Research Department: Dynamics of Communication, Knowledge and Spatial Development
Project Leader within IRS: Martin Schinagl
Duration: 01/2018 - 12/2021
Since the 1960s, a large number of electronic and digital tools have found their way into planning work in urban planning, urban development, landscape planning and architecture. Nowadays, geoinformation systems (GIS), Computer Assisted Design (CAD), simulations, databases, 3D visualisations and 3D printers are just some of the new digital planning tools and infrastructures. Planning tasks and processes change. Digital maps, simulation software, data sets on cities and design software, which are sensibly integrated into the planning process by means of practice, convey visually experienceable and planned representations of spaces.
Martin Schinagl is interested in the implications that this digital mediation of planning action has for the planner’s practices of the production of space. In other words, how do digital infrastructures, knowledge repertoires (data sets) and software (CAD and GIS programs) shape the planners' understanding of the city and the way they plan it? Martin Schinagl investigates the connections between digital mediation of planning actions and how planners analyse, understand and plan urban space. He therefore examines the local contexts and concrete workplaces of planners of structural and design planning in public and private offices.
New York City, Frankfurt am Main and Lagos (Nigeria) are very different yet all dynamic cities on three different continents. Within the framework of empirical social research, the above question will be investigated through and beyond cross cultural comparison. Since the 1980s, scientific discussions on the integration of digital technologies in the workplace, such as in workplace studies and human interface studies, have become institutionalized. In addition, the dissertation builds on debates from various research areas, namely from sociology of technology and sociology of space, science and technology studies (STS), as well as planning sciences and cultural anthropology. Within ethnographic workplace studies, Martin Schinagl applies a variety of methods, including interviews, participatory observation, videography and mapping of workplaces and practices. In the circular process of empirical survey and analysis in the sense of the Grounded Theory approach, the context of spatial constructions and digital situations will be conceptualized and theorized.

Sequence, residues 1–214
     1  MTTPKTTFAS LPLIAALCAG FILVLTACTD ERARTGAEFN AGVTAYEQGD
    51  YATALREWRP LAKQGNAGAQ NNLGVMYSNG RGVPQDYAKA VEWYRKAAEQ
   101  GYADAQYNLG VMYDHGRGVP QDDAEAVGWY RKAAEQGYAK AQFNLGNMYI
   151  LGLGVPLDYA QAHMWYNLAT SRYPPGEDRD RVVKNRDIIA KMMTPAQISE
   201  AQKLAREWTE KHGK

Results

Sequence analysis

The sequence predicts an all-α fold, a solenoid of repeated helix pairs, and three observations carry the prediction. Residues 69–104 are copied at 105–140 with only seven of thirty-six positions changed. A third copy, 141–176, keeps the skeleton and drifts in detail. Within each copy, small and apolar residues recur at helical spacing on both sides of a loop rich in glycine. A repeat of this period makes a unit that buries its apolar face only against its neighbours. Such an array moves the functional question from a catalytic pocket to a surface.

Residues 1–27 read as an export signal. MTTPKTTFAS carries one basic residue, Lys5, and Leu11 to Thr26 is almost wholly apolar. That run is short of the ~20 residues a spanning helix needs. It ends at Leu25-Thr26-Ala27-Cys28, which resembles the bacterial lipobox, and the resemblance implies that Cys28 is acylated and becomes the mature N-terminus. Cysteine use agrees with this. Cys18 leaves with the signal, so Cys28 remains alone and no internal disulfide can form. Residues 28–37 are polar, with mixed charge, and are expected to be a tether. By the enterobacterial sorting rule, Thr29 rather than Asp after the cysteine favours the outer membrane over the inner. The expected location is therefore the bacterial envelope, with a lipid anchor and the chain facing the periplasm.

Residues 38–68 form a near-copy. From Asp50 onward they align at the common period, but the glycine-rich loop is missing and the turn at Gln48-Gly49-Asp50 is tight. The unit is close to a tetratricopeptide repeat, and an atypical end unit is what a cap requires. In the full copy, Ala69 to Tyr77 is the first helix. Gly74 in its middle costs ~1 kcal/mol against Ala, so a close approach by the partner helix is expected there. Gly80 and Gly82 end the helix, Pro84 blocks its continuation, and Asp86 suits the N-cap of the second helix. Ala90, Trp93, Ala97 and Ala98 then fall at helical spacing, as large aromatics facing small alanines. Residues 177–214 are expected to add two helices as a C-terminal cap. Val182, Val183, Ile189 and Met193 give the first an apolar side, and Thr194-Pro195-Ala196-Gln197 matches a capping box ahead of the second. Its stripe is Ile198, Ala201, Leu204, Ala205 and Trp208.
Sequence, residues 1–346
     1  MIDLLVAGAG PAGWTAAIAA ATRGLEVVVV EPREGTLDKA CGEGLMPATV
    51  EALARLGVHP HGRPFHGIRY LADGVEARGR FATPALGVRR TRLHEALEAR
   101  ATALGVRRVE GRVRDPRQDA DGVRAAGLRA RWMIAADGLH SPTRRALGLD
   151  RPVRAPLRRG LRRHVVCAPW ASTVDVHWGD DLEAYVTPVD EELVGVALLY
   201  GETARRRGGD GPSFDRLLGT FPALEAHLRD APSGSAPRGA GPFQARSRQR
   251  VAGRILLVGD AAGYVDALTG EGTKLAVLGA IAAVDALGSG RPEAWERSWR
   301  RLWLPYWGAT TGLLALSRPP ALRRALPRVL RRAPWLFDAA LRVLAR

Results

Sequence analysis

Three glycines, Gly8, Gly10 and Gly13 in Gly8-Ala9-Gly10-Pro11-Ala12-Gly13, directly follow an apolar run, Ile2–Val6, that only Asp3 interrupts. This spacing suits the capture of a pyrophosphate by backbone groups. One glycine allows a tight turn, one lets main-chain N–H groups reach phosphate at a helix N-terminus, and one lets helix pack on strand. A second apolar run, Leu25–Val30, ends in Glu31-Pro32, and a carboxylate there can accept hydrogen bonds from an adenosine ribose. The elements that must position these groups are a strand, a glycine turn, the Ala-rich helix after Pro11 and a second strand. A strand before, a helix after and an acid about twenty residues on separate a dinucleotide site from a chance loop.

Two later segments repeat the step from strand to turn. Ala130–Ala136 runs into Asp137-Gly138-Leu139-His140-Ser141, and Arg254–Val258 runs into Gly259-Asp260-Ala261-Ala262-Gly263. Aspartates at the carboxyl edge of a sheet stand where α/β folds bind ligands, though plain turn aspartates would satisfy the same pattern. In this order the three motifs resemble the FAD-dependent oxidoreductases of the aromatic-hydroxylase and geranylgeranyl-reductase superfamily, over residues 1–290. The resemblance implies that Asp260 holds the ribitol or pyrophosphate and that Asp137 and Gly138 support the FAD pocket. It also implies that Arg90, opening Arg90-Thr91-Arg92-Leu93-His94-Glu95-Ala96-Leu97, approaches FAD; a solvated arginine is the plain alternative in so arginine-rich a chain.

The dissertation at the Technical University of Berlin will be supervised by Prof. Dr. Martina Löw and Prof. Dr. Gabriela Christmann.